7. I am using an HTC Desire, I did not found “l2ping” inside the file system, is it possible to push “l2ping” somehow into the filesystem without root access and use it?

    8. Unfortunately, the Desire is one of the devices that doesn’t have L2CAP support.

    9. No, it won’t work. The BlueZ stack installed on the Desire seems to be incomplete.

    10. Hi!

      I’m trying to write an application that reads the rssi value of a connection, but I have difficulties connecting to the phone using MAC address.
      I managed to build my project using ndk r5b, and I see the logs written in my C code, so the building is complete I think, but every time I want to connect to a device, my phone returns “can’t connect’. I copied all the needed header files into build path and too, rooted my phone using z4root and granted superuser rights to the app using “Process p=Runtime.getRuntime().exec(“su”);”(so my app asked for superuser rights and I granted it to it), but I couldn’t connect to any device so far using this code for connection:

      jint Java_com_bluetooth_RSSI_connectbt(JNIEnv* env, jobject this, jstring mac)
      int s, status;
      int dd;
      int i;
      struct sockaddr_rc addr = { 0 };
      struct hci_conn_info_req *cr;
      char * dest;// = “00:1E:E1:7D:54:B4”;
      struct timeval timeout;

      dest = (*env)->GetStringUTFChars(env, mac, 0);

      __android_log_print(ANDROID_LOG_INFO, TAG, “rfcomm %s”, dest);
      // allocate a socket

      // set the connection parameters (who to connect to)
      addr.rc_family = AF_BLUETOOTH;
      addr.rc_channel = (uint8_t) 1;
      str2ba( dest, &addr.rc_bdaddr );

      // connect to server
      __android_log_print(ANDROID_LOG_INFO, TAG, ” Trying to connect”);

      //setsockopt(s, SOL_SOCKET, SO_SNDTIMEO, &timeout, sizeof(struct timeval));

      status = connect(s, (struct sockaddr *)&addr, sizeof(addr));
      if (status == 0){
      __android_log_print(ANDROID_LOG_INFO, TAG, ” CONNECTED!!!”);
      return s;
      __android_log_print(ANDROID_LOG_INFO, TAG, ” no connect”);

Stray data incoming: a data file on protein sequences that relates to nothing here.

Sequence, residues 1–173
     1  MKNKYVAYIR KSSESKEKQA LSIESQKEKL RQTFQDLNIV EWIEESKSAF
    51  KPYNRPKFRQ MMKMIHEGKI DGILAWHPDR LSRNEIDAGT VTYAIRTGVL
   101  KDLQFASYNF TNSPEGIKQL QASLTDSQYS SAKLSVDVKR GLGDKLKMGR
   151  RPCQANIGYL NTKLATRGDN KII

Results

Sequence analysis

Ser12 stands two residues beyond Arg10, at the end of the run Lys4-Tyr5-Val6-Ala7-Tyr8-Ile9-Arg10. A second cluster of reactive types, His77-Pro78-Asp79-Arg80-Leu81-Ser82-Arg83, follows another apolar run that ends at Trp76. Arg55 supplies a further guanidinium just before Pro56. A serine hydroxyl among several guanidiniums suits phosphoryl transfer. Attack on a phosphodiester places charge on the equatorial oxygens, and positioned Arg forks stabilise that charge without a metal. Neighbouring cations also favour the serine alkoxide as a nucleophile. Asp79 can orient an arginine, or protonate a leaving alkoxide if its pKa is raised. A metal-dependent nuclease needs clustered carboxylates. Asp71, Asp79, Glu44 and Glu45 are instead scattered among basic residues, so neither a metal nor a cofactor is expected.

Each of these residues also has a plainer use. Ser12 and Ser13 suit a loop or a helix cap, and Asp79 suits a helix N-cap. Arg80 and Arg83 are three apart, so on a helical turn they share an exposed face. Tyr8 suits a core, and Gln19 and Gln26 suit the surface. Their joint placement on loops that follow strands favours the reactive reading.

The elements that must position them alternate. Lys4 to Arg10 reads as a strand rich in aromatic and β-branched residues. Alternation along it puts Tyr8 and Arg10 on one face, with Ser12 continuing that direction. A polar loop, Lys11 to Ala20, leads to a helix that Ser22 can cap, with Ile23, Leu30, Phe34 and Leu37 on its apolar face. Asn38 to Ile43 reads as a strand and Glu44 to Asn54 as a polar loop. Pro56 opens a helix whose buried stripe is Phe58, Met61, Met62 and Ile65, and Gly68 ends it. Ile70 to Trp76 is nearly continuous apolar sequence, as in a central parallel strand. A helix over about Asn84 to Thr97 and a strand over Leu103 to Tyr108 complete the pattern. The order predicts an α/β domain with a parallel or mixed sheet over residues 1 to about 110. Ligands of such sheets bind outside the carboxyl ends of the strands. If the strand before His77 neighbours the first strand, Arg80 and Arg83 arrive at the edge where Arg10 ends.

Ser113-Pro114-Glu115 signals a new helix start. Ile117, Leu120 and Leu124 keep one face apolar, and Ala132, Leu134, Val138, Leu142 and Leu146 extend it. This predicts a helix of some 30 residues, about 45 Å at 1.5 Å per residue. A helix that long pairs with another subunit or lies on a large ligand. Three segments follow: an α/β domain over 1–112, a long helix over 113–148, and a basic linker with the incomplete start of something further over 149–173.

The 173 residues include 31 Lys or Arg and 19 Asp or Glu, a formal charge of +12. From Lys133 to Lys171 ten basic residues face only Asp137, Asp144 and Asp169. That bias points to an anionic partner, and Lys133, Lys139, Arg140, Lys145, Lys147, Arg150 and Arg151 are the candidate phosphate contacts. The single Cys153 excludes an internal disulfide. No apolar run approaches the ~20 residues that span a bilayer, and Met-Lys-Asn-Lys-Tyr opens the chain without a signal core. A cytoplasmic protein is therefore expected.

return -1;

      I get every time
      04-17 11:08:11.524: INFO/native_service(7973): Trying to connect
      04-17 11:08:11.524: INFO/native_service(7973): no connect

      Do you have any ide, what should be the problem?
      Thanks in advice


    11. Oh, and I’m using Samsung Galaxy S(rooted, SDK 2.1) and tryed to connect to several phones/laptops.

    12. What if our pathes contain spaces ? I tried everything I could found (backslash before space, 40 instead of space, path between quotes,…) but it didn’t help.

    13. I followed the steps, i’m getting following error,

      Android NDK: Your APP-BUILD_SCRIPT points to an unknown file: /cygdrive/c/ndkworkspace/ndkfoo/jni/
      /cygdrive/c/android-ndk-r5b/build/core/ *** Android NDK:Aborting… .Stop.

      Strugling hard to fix this. Please suggest.

    14. wat does obj contain i thing it has object file where do i get this file…
      can any body help me…

    15. @Nikhil: Same here. Did you ever resolve it?

      $ ndk-build
      ERROR: You are using a non-Cygwin compatible Make program.
      Currently using: C:/utils/mingw/bin/mingw32-make.exe

      To solve the issue, follow these steps:

      1. Ensure that the Cygwin ‘make’ package is installed.
      NOTE: You will need GNU Make 3.81 or later!

      2. Define the GNUMAKE environment variable to point to it, as in:

      export GNUMAKE=/usr/bin/make

      3. Call ‘ndk-build’ again.

      Administrator ~
      $ c:/utils/mingw/bin/mingw32-make.exe –version
      GNU Make 3.81
      Copyright (C) 2006 Free Software Foundation, Inc.
      This is free software; see the source for copying conditions.
      There is NO warranty; not even for MERCHANTABILITY or FITNESS FOR A PARTICULAR PURPOSE.

      This program built for i386-pc-mingw32

    16. i am having problem in my cygwin does not appear as here in @echo off instead is appear my laptop name that’s why the command chdir c:\cygwind\bin does not works what should i do to fix this please help me as soon as possible

    17. Hi, i am able to build using ndk-build from the project directory using cygwin in Windows 7, after that i refresh my eclipse project and try to run the android app.
      Still i am getting a force close with the following exception:

      12-07 17:17:23.260: E/AndroidRuntime(713): FATAL EXCEPTION: main
      12-07 17:17:23.260: E/AndroidRuntime(713): java.lang.ExceptionInInitializerError

      12-07 17:17:23.260: E/AndroidRuntime(713): Caused by: java.lang.UnsatisfiedLinkError: Couldn’t load test-jni: findLibrary returned null

    18. Hi,
      It’s a good thing I came across this. Thanks for posting. Will I be able to get an idea from this on how I can pair and connect my android phone with a bluetooth mouse? Hope you can advise and guide me.
      Thanks and have a nice day.

    19. hi,

      thanks for this tuto,

      so i have to change the cygwin.bat forr every project?